Rep. Darrell Issa May Head Up CFPB

Sources are saying that Representative Darrell Issa, the Republican lawmaker from California, might be the next leader of the Consumer Financial Protection Bureau (CFPB).

According to Bloomberg, Issa and J. Mark McWatters, a credit union regulator and former congressional staffer, are two of the top contenders for the job. President Donald Trump is expected to make an announcement next week, making the June 22 deadline to select a permanent director.

“I was not involved in the process," said current Acting Director Mick Mulvaney, adding that Treasury Secretary Steven Mnuchin and top White House economic advisers Larry Kudlow and Kevin Hassett have been in charge of the search. “Once they name a person, I look forward to working with him or her to get that person up to speed."

Mulvaney, who took over the CFPB last November, has been a harsh critic of the agency, which was formed after the 2008 financial crisis. In the first CFPB semi-annual report issued under Mulvaney’s watch, the agency head stated the CFPB is “all too powerful.”

During his time at the CFPB, Mulvaney has ended all functions of its student lending office (except for consumer education), ousted the 25 members of the agency’s Consumer Advisory Board and considered moving dozens of agency employees to the basement of its Washington headquarters, while relocating the others to Dallas, in an move to cut costs.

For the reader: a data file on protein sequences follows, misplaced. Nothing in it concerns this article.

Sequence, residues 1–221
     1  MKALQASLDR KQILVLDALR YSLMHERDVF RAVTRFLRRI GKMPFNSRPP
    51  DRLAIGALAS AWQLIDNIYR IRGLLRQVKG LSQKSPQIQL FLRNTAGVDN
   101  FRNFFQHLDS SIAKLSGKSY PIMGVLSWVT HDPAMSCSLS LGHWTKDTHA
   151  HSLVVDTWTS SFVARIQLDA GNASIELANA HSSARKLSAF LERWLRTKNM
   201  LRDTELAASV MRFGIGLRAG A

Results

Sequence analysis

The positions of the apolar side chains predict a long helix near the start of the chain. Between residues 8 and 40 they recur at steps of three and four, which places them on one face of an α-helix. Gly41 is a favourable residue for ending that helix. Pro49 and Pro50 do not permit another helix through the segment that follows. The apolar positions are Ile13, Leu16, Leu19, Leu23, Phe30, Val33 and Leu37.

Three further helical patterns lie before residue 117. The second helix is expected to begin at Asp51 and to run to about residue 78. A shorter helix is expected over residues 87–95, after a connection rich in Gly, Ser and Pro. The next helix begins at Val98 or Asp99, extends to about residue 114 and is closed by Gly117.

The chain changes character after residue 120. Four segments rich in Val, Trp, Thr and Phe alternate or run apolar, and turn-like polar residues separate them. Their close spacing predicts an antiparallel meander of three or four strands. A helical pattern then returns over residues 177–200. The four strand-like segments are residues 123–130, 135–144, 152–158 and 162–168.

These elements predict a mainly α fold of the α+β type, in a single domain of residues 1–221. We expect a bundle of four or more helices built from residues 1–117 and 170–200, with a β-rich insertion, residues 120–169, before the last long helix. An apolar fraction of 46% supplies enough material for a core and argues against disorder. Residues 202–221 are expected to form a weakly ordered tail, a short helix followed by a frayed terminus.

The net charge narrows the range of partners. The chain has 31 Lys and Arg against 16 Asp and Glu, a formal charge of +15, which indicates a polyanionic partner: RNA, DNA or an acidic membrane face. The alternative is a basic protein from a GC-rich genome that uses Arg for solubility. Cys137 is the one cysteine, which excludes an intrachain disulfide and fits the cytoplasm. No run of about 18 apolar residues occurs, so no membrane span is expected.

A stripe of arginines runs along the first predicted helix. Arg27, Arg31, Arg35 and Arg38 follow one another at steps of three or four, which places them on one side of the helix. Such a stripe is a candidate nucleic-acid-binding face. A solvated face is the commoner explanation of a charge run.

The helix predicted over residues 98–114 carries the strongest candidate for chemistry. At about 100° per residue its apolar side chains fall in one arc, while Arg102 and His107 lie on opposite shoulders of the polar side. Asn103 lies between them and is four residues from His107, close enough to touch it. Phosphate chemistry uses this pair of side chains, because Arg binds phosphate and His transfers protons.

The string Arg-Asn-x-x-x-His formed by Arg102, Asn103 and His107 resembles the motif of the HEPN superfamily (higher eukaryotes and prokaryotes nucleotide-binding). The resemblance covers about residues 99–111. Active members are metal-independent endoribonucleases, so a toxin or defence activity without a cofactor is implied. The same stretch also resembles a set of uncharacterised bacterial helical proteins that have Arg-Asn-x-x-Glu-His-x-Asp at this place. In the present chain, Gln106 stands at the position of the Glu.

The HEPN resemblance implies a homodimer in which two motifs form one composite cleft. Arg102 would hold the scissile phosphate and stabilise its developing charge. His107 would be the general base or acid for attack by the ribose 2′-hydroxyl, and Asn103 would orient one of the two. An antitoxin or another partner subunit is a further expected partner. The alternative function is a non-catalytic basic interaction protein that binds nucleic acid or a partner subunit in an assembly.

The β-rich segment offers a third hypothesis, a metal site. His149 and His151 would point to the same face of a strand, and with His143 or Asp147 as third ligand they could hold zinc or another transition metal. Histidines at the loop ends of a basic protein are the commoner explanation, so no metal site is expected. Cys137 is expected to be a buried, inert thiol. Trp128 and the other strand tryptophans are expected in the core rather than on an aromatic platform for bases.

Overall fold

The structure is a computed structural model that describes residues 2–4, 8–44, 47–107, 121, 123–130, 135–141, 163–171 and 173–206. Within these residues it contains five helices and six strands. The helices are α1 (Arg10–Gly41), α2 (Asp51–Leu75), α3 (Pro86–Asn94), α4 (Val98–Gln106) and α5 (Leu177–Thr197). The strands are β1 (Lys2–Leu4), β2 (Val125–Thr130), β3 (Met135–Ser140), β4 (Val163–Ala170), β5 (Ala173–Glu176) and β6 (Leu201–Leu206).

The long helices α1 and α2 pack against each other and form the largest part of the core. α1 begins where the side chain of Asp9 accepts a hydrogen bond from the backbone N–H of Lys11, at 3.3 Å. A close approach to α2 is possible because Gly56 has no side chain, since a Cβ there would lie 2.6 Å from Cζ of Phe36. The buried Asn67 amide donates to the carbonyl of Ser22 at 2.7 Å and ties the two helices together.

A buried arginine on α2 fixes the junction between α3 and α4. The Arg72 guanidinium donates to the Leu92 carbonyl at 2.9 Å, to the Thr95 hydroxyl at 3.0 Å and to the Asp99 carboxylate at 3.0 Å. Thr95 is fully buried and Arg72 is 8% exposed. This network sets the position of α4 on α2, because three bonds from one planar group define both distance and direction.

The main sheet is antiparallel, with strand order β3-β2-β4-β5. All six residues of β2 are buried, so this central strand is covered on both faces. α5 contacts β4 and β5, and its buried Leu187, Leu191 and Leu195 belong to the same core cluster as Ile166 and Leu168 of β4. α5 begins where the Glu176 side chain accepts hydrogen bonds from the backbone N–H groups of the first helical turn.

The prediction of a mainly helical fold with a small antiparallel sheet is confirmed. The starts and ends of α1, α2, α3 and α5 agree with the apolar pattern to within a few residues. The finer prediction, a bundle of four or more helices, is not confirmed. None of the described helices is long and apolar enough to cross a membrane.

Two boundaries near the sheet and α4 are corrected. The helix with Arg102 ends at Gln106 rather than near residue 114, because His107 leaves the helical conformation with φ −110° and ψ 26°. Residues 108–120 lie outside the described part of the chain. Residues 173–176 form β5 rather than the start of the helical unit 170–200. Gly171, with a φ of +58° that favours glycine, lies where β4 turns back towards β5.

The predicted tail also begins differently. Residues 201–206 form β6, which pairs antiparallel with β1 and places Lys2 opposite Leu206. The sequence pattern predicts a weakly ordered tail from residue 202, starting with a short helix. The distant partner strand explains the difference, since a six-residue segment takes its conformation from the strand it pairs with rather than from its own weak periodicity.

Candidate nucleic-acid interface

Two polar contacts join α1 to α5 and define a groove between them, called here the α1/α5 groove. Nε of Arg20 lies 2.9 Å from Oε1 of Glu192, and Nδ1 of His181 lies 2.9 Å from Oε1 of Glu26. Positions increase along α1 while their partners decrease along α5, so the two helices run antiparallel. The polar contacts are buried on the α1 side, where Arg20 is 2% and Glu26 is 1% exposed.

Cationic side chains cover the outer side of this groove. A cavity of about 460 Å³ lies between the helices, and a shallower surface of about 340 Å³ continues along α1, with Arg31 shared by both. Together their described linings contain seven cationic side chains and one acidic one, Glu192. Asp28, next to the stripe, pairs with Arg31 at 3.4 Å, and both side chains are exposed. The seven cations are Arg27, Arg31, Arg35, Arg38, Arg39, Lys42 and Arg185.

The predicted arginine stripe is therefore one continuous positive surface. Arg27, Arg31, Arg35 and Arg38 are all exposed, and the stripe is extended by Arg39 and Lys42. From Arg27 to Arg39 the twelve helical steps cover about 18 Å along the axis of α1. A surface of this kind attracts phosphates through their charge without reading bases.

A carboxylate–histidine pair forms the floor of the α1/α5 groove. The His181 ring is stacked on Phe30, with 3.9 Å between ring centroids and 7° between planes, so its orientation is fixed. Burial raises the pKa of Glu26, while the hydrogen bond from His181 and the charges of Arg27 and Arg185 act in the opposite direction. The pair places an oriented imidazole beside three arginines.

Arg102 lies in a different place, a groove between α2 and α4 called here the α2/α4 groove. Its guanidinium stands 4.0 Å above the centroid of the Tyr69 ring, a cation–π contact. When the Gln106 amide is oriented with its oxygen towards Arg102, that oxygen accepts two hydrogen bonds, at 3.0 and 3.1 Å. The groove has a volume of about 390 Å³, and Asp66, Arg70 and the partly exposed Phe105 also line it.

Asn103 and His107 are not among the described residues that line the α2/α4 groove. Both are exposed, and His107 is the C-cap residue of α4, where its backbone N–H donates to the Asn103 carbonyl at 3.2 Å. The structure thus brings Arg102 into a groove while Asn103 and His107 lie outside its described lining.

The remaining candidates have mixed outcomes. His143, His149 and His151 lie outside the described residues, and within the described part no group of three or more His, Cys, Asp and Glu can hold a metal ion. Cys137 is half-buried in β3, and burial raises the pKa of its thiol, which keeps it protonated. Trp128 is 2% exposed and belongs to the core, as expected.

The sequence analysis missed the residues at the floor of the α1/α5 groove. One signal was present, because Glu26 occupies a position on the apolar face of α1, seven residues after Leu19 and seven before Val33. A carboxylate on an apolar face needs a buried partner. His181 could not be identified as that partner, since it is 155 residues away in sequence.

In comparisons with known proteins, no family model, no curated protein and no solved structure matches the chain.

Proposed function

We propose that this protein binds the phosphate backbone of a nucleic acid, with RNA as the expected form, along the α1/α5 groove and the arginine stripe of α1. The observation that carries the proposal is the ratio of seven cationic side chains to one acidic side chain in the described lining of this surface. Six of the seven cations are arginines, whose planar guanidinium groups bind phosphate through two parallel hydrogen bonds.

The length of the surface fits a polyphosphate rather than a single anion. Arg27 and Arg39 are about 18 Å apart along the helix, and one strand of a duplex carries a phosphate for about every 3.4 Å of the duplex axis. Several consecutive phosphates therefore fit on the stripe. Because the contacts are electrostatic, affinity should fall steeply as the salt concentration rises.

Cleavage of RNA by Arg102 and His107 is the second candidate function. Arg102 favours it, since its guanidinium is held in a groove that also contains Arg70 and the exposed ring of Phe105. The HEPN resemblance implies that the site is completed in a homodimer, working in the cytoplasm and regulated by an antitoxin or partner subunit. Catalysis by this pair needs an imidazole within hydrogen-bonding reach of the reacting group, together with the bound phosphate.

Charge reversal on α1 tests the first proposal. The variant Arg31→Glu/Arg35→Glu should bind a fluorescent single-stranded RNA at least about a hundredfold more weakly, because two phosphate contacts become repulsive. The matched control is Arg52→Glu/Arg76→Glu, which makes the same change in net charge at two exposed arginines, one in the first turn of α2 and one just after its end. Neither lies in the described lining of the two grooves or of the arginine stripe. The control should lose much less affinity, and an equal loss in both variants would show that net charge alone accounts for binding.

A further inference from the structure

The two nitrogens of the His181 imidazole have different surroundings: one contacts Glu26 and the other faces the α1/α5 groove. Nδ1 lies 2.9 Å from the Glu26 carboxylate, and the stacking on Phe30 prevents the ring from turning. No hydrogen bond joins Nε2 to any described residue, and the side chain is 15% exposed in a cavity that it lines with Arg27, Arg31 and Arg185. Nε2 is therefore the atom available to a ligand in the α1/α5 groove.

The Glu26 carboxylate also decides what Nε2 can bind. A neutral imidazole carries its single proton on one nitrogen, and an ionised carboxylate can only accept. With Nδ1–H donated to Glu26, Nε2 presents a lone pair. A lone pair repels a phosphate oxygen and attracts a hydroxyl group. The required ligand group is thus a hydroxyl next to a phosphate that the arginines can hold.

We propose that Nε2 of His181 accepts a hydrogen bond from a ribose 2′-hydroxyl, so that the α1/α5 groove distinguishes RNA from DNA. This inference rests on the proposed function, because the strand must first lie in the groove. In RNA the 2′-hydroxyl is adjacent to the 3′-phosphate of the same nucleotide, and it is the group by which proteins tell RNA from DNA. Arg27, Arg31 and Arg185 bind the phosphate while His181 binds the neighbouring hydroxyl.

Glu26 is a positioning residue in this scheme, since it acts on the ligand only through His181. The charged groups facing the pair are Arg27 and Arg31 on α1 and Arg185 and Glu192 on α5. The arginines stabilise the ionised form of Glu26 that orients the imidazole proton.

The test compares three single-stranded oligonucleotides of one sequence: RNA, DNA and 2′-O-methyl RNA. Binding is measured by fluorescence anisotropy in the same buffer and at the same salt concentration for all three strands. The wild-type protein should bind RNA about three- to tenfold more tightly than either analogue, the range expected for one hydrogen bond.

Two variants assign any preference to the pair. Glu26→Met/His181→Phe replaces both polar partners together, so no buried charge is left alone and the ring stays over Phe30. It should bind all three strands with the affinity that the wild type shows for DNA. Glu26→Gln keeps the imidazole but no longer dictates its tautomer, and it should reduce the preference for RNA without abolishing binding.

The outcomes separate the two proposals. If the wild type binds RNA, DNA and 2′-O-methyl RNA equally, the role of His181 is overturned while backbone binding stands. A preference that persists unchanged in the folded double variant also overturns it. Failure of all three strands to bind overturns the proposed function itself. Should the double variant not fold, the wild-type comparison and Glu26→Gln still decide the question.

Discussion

In fact, Mulvaney said he has ordered staff to propose cuts that would reduce the agency’s budget by 20 percent. In addition, he will ask Federal Reserve for $65.7 million to cover the CFPB’s operating costs for the fourth quarter, which brings the total budget requests for this year to $381 million – $200 million less than what the agency received in 2017.

Still, it could take the Senate months to confirm a successor, so Mulvaney said he expects to remain at the agency until late this year.



The How We Shop Report, a PYMNTS collaboration with PayPal, aims to understand how consumers of all ages and incomes are shifting to shopping and paying online in the midst of the COVID-19 pandemic. Our research builds on a series of studies conducted since March, surveying more than 16,000 consumers on how their shopping habits and payments preferences are changing as the crisis continues. This report focuses on our latest survey of 2,163 respondents and examines how their increased appetite for online commerce and digital touchless methods, such as QR codes, contactless cards and digital wallets, is poised to shape the post-pandemic economy.